Does political spending by corporations benefit their shareholders? A group of investment managers thinks not, and bases this view, in part, on the unprecedented amount of such spending on last year's presidential election.

In fact, they have filed seven shareholder proposals that would ban all political spending from general treasury funds.

"The value of corporate political spending to shareholders is highly questionable, even as the risk it poses to our democracy is self evident. It's time for companies to reverse course and simply exit this activity," says Shelley Alpern, director of social research and advocacy at Clean Yield Asset Management, an RIA based in Norwich, Vt., and one of the investment firms behind the proposals.

Clean Yield filed proposals at EQT Corp., a natural gas company involved in hydraulic fracturing, and 3M. The other investment advisory firms joining the fight are Green Century Capital Management, based in Boston, which filed a proposal at Chevron; Zevin Asset Management, also in Boston, which filed at ExxonMobil; and Harrington Investments, in Napa, Calif., which filed at Starbucks.

Also part of the effort is Responsible Wealth, a network of business leaders, investors and inheritors who represent the richest 5 percent of wealth and/or income in the U.S. and who believe that growing inequality is not in their best interest or the best interest of society. Individual shareholders affiliated with Responsible Wealth filed proposals at Target Corp. and Bank of America.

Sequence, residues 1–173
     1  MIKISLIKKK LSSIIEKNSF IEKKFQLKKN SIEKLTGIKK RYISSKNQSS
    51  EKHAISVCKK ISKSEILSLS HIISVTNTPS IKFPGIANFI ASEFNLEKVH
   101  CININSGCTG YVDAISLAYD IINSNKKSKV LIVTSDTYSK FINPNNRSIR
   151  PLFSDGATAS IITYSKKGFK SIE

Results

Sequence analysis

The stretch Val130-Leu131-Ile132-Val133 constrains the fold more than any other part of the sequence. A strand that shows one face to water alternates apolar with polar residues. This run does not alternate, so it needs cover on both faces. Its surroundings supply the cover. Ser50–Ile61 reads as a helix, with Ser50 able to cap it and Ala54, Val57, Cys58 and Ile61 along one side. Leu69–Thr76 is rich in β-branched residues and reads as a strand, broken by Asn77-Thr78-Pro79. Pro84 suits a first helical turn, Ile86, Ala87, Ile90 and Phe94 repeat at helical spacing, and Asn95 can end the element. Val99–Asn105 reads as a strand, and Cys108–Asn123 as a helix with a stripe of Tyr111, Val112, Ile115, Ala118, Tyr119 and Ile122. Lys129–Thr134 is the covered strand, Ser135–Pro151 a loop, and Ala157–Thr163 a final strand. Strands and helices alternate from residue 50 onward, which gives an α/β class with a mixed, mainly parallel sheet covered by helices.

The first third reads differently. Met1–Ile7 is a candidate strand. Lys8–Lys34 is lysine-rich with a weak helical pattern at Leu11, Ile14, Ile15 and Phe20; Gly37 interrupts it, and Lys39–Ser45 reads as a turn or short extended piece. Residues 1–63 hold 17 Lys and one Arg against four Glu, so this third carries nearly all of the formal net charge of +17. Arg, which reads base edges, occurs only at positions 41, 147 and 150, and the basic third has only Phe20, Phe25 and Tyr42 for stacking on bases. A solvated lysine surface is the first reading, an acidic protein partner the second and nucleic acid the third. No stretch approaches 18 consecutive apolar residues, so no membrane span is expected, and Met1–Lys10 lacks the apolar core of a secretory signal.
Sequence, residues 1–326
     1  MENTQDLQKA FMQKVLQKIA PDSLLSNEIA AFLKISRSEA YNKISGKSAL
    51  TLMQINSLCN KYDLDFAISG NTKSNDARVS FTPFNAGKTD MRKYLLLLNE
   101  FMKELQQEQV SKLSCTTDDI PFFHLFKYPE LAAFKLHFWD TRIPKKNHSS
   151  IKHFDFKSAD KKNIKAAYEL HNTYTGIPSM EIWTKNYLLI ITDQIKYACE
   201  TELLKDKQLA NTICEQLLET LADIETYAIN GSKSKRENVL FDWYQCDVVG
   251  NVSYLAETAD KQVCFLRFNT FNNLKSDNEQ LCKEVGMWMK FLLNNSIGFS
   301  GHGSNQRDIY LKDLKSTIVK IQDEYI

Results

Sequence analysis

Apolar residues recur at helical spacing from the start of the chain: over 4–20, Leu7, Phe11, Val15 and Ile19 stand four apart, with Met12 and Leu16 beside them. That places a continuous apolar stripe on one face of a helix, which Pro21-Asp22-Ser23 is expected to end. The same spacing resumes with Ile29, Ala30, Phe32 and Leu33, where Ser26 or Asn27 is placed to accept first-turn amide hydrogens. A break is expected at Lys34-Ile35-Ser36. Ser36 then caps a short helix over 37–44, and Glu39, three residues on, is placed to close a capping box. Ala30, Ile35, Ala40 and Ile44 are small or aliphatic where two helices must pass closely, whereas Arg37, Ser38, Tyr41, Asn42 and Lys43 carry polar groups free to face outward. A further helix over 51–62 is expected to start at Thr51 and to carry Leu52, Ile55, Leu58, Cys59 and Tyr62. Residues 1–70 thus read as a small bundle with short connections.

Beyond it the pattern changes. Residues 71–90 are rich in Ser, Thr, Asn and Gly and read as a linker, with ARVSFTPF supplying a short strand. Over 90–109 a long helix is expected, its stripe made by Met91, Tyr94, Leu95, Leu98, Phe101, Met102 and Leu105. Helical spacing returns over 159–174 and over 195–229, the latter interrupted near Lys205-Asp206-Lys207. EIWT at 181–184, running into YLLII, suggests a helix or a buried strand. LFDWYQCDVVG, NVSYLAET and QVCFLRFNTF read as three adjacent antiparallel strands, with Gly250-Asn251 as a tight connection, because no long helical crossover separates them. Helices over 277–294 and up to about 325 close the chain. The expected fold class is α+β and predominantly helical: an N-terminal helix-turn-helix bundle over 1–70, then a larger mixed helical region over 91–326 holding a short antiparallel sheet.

This proxy season, in fact, political spending ranks as the most popular subject of shareholder proposals. The Proxy Preview 2013 report, released Thursday, found that more than a third of the 365 resolutions filed so far this year ask for more oversight and data on corporate political spending.

Leslie Samuelrich, senior vice president of Green Century Capital Management, said the single largest donation to a Super PAC -- ever -- was in 2012, by Chevron, which gave $2.5 million of company funds.

According to The Center for Public Integrity, "the Supreme Court's Citizens United decision unleashed nearly $1 billion in new political spending in the 2012 election, with media outlets and a small number of political consulting firms raking in the bulk of the proceeds." The 2010 decision allowed unlimited donations to super PACs and nonprofits.

Many other issues will be the focus of shareholder resolutions this proxy season, and they'll get varying amounts of support. But political spending by corporations is one activity that most shareholders want stopped -- at least those not in the executive suite. It's time for corporate leaders to stop raiding the piggy bank to support their interests, and shareholders should tell them so.